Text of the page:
Some people spend Saturday night with TV series on Netflix, I spend them with Wendell Berry novels about a community called Port William. I recently finished Andy Catlett – Early Travels, and now I am reading The Memory of Old Jack. There are some really beautiful portions in this book on the relationships between men, and on the great place and gift of role models. A tear or two might have escaped from under my sun glasses when I read this part on the bus the other morning:
Mat is sixty-nine years old. Since before he remembers, Jack has been there to be depended on. When Mat was born, Jack was already such a man as few men ever become. He has been faithful all those years. It is a faith that Mat has reciprocated in full. But Jack’s faith has been the precedent and model. All his life Mat has had Jack before him, as standard and example, teacher and taskmaster and companion, friend and comforter. When Jack is gone, then Mat will be the oldest of that fellowship of friends and kin of which Old Jack has been for so long the center. He feels the impending exposure of that – nobody standing then between him and the grave. He feels a heavy portent in the imminent breaking of that strand of memory, reaching back into the Civil War, on the end of which Old Jack now keeps so tenuous a hold.To have someone thus before you, in faithful dependability, would be an invaluable gift (which also holds up what is possible when people actually stay in one place long enough for such relationships to form). And when tragedy came to Mat, Jack literally caught and wrestled with and held him till his rage subsided, and so prevented him destroying his own life by carrying out a terrible revenge.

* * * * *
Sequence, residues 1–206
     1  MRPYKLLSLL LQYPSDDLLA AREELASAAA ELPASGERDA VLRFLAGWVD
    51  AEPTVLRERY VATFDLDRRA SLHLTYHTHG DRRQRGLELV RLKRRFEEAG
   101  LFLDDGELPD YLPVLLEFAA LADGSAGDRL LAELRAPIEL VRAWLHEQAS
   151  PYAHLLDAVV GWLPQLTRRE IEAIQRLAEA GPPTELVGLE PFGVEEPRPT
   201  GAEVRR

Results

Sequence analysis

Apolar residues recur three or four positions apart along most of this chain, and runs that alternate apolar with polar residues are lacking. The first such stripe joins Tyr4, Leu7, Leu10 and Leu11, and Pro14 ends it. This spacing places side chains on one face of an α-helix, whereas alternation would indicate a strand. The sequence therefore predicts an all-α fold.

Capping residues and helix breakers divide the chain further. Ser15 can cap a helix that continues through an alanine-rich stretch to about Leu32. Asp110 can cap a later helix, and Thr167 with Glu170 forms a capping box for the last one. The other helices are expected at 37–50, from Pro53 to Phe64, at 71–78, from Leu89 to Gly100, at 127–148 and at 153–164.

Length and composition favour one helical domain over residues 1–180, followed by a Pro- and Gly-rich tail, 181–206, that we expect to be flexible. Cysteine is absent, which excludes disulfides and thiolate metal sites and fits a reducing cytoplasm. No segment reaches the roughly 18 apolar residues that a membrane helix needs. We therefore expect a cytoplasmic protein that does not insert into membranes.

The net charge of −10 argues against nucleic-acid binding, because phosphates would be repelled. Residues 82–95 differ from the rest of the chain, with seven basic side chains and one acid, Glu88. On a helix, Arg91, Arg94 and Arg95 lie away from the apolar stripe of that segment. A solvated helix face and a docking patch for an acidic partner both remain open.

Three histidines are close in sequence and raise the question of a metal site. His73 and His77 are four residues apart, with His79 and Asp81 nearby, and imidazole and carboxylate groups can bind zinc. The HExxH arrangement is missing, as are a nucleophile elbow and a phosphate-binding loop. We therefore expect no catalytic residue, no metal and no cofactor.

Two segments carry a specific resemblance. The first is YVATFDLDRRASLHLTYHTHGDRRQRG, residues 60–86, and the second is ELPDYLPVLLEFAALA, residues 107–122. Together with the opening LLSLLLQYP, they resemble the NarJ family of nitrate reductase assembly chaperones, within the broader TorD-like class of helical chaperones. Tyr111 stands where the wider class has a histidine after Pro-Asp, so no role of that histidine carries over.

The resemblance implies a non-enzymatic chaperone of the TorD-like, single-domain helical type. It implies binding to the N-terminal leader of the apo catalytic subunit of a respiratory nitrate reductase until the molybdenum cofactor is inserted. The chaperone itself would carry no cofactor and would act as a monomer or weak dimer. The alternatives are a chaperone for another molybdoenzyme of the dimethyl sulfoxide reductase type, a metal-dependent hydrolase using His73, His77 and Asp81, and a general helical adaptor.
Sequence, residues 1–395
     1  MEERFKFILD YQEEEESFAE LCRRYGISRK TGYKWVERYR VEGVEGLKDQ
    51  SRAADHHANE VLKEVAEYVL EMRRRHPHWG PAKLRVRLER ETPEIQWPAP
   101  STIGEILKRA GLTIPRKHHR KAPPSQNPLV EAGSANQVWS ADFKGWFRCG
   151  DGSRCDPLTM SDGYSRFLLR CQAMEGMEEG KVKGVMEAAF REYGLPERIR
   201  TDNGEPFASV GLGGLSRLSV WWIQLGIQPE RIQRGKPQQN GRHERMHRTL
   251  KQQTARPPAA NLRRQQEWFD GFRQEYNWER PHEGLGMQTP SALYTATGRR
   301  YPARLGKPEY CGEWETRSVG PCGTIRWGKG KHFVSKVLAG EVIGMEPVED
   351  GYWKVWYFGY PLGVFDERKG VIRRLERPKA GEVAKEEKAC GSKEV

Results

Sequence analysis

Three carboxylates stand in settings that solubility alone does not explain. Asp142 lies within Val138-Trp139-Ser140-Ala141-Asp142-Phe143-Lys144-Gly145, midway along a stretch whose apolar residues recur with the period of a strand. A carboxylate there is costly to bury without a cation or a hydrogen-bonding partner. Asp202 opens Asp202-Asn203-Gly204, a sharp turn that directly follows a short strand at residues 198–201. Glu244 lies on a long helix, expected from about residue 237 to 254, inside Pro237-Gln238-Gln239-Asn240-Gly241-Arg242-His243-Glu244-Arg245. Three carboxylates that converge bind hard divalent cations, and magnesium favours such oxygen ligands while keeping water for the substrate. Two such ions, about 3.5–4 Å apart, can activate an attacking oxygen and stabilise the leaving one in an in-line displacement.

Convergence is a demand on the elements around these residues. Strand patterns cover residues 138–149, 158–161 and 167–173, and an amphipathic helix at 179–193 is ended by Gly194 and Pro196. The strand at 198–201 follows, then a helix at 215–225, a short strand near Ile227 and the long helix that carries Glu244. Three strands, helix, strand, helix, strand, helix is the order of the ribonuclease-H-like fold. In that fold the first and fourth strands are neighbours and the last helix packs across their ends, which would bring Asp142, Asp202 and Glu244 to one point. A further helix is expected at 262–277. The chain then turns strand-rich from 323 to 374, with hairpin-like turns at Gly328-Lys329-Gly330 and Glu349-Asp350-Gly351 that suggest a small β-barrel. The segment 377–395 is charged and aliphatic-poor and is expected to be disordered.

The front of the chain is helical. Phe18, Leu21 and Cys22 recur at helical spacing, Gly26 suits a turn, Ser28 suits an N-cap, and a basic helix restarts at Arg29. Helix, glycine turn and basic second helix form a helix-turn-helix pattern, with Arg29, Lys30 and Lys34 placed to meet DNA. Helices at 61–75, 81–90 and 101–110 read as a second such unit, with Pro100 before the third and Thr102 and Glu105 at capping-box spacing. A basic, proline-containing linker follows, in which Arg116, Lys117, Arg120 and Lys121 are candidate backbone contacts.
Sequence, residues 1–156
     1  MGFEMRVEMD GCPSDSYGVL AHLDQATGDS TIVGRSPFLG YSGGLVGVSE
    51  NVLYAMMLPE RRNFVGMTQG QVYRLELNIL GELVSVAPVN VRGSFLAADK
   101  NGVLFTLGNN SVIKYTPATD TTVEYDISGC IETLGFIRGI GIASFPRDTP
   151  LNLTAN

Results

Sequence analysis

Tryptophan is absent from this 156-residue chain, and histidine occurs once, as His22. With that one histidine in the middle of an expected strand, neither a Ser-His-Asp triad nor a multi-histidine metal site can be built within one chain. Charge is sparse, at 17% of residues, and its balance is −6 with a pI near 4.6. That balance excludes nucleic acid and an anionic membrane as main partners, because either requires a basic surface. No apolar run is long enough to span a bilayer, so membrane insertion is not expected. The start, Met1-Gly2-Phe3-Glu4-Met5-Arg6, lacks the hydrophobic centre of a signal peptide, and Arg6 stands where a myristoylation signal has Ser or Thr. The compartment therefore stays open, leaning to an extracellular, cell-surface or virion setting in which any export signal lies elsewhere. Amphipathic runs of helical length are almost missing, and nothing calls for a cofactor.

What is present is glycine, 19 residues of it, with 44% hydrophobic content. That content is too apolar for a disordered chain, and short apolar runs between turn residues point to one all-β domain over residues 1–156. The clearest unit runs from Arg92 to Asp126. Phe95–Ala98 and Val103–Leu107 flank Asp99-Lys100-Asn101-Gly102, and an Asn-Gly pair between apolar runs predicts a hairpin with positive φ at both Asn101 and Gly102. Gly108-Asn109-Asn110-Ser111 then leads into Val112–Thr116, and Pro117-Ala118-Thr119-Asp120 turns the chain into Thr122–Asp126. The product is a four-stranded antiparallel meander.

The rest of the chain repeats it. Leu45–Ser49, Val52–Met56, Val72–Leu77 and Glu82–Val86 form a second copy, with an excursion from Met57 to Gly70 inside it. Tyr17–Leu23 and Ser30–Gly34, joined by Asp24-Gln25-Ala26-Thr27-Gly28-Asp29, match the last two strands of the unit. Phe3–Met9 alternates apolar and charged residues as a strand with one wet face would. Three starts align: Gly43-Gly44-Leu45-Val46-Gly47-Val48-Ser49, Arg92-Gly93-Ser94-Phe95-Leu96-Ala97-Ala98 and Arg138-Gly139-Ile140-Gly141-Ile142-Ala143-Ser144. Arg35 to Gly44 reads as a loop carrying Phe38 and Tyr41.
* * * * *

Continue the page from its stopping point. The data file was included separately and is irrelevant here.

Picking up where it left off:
Then there’s this part, about Ben, who was Mat’s father, and of whom it is written “... Ben was the man Jack watched and listened to and checked his judgment against”:
Jack knew Ben Feltner nearly forty years, and he never saw him in a hurry and he never saw him angry. With Ben that never seemed the result merely of self-control, but rather of an abiding peace that he had made – or maybe a peace that had been born in him – with himself and the world, a willingness to live within the limits of his own fate. Both of them having grown up in his gentle shadow, Jack and Mat respected and stood in awe of the deep peaceableness they knew in Ben, both of them having failed of it, and at great cost, for so long.That might sound somewhat idyllic, but it was not all tea on the verandah. The rest of this novel that I have read so far goes on to describe the great sadness of Jack’s life in his marriage, which is so sad I am finding it hard to read. But I will press on ...